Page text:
What Size Cymbals Should I Get for My Drums?

by Chris Brower

The other component important to a drum set besides the drums themselves are cymbals. With cymbals, you have a variety of options, such as size, thickness, sound and brand. While it ultimately comes down to what you think sounds best for your style, keep in mind some size recommendations when thinking about what cymbals you should get for your drums.

Considerations

Before buying any cymbal, try them out. If the store allows, hit the cymbal several times at different parts on the cymbal, as this will help you hear how the cymbal sounds. As many cymbals are hand-hammered, each cymbal can sound different, even if it carries the same brand and type. When it comes to size, louder/heavier music, such as hard rock or metal, usually uses bigger cymbals, while lighter music, such as jazz, uses smaller cymbals. You're certainly not limited in what sizes you can get, but this is the standard for drummers.

Crash

One of the main cymbals of the drum set is the crash cymbal. Many drummers have multiple crash cymbals. Rock drummers often uses crash cymbals that are between 16 and 18 inches, though some manufacturers do offer bigger sizes, such as 19 and 20 inches. Lighter players often play smaller cymbals, such as ones between 14 and 16 inches. Also, drummers who have multiple crash cymbals usually have them in different sizes, so you can have, for example, a 16-inch crash and an 18-inch crash, giving you multiple options.

Ride

Another main cymbal of the drum set is the ride cymbal. Ride cymbals are generally bigger than crash cymbals, often in the 18- to 22-inch range. Again, harder/louder players tend to play bigger ride cymbals, while lighter players play smaller ride cymbals. Some cymbal manufacturers make a cymbal known as a "crash/ride," which essentially combines the two cymbals, making it possible to crash on the cymbal, as well as play it like a ride cymbal. These are less common though. While it is also not common to see drummers with multiple ride cymbals, you certainly can have multiple ride cymbals if you'd like to have different options.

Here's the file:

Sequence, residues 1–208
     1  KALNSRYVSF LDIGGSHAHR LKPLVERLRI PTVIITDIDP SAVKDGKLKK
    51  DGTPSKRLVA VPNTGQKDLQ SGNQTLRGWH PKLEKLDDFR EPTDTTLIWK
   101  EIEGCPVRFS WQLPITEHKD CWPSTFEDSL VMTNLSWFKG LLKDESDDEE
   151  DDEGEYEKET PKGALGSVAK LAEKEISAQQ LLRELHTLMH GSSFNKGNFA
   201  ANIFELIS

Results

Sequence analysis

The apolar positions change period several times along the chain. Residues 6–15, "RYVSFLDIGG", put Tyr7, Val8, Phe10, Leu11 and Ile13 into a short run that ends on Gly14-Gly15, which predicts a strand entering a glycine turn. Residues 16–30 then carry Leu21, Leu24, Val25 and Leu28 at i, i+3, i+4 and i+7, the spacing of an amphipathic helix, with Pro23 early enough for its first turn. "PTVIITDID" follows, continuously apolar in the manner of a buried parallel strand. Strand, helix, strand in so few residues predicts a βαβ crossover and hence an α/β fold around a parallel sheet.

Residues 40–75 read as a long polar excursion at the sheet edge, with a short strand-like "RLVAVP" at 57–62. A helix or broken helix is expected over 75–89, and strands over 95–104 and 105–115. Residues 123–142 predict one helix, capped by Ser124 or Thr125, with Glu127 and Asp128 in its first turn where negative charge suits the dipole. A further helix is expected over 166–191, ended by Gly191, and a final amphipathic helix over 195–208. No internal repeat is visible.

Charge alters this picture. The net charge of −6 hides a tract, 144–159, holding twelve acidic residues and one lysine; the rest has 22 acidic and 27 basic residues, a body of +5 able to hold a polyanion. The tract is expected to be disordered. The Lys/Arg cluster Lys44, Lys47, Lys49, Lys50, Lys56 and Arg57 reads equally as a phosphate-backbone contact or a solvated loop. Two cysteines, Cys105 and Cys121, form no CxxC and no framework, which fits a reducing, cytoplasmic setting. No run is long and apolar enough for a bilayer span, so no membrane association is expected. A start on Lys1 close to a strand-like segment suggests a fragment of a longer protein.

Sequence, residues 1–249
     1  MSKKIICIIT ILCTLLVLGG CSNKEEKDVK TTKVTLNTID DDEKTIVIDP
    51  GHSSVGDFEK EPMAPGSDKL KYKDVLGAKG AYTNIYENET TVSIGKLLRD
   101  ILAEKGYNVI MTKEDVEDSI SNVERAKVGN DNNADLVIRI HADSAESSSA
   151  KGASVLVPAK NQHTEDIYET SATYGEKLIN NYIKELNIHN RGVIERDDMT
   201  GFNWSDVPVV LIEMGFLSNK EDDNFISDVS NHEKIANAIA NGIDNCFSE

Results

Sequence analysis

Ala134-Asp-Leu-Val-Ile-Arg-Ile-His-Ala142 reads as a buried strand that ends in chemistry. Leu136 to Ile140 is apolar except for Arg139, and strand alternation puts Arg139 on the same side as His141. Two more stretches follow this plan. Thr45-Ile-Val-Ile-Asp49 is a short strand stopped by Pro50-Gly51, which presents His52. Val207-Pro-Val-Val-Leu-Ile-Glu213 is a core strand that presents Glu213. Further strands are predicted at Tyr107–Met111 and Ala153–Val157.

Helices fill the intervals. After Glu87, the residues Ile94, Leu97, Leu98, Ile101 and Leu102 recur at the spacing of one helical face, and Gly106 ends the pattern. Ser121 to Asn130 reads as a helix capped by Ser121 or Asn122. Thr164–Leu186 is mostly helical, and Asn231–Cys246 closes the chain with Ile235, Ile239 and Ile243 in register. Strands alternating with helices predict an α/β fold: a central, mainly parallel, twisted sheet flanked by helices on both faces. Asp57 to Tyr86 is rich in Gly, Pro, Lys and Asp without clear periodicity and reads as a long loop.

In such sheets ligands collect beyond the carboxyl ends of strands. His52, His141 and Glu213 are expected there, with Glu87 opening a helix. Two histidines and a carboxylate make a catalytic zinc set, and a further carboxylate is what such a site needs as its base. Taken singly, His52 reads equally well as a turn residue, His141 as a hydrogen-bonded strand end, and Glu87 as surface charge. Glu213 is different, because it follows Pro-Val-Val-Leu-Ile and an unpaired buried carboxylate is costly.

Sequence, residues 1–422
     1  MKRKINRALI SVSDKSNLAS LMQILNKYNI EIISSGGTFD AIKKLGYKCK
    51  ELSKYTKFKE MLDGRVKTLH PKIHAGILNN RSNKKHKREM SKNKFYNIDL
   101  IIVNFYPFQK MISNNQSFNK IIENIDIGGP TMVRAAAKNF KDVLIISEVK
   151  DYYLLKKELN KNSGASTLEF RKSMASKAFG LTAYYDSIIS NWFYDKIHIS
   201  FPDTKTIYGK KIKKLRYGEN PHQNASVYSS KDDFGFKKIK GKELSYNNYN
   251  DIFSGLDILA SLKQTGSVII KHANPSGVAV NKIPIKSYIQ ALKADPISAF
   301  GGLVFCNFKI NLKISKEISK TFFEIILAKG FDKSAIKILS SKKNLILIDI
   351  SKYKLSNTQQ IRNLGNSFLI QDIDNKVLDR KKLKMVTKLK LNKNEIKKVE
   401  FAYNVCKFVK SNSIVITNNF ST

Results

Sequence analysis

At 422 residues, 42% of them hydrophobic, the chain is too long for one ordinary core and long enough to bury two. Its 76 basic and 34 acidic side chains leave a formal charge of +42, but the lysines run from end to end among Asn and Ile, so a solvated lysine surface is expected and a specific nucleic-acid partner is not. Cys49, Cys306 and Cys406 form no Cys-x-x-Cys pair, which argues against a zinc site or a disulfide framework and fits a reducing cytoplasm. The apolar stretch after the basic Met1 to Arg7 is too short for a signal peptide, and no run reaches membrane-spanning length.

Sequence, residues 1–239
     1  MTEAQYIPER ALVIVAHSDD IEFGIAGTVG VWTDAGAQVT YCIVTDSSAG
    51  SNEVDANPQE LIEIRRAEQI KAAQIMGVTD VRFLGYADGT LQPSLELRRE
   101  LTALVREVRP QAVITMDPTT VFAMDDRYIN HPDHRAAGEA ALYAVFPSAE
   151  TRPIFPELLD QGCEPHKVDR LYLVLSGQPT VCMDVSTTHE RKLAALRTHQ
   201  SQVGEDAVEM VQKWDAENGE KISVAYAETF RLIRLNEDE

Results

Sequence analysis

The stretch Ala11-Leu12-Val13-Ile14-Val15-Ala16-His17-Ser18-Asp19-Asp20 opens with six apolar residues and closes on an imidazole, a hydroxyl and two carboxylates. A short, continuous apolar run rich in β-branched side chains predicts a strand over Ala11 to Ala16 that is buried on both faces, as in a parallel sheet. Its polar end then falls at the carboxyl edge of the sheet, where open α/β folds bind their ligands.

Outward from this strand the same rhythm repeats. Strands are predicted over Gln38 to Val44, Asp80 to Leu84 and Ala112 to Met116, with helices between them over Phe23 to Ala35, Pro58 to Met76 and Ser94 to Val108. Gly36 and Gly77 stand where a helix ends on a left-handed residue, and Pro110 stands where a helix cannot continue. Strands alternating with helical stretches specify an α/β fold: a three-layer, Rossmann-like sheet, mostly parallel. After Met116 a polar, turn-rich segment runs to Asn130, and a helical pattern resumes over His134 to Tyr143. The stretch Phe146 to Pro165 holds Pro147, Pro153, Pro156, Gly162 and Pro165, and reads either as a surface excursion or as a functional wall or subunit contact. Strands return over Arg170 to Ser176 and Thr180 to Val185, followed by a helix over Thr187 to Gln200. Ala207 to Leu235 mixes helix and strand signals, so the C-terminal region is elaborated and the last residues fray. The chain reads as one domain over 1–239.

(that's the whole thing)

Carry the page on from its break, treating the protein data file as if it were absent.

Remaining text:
Hi-Hat

Hi-hats are another common cymbal for a drum set. Hi-hats are a set of two cymbals that are on top of each other. Each set features a bottom hi-hat cymbal and a top hi-hat cymbal. No matter the type of music played, the standard hi-hat cymbals size is 14 inches. As far as size, fewer options exist when it comes to hi-hats, but some manufacturers do make 13- and 15-inch hi-hats. The smaller the hi-hat cymbals, generally the higher pitched they will sound. Like other cymbals, you can have multiple hi-hats if you'd like more options.

Effects Cymbals

While hi-hats, crashes and rides are the standard cymbals drummers use, a wide variety of effects cymbals can add distinctive sounds to your playing. The two most common effects cymbals are splashes and china cymbals. Splashes are typically very small, between 6 and 10 inches, and give a high-pitch sound that evokes its name, "splash." China cymbals often come in all sizes between 12 and 22 inches, but are sometimes even bigger or smaller. These give a high-pitched sound that might remind a listener of a gong or other Asian percussive sound. As well, there are other effects cymbals that are less common, but can give unusual sounds to your playing. When it comes to size selection, because these cymbals are not standard cymbals for a drummer, you simply have to pick which size sounds best with your playing. Smaller cymbals are generally higher-pitched and bigger cymbals are generally lower-pitched.

Resources

About the Author

Chris Brower is a writer with a B.A. in English. He also spent time studying journalism and utilizes both to deliver well-written content, paying close attention to audience, and knowing one word could determine whether a product is a success or a failure. He has experience writing articles, press releases, radio scripts, novels, short stories, poems and more.

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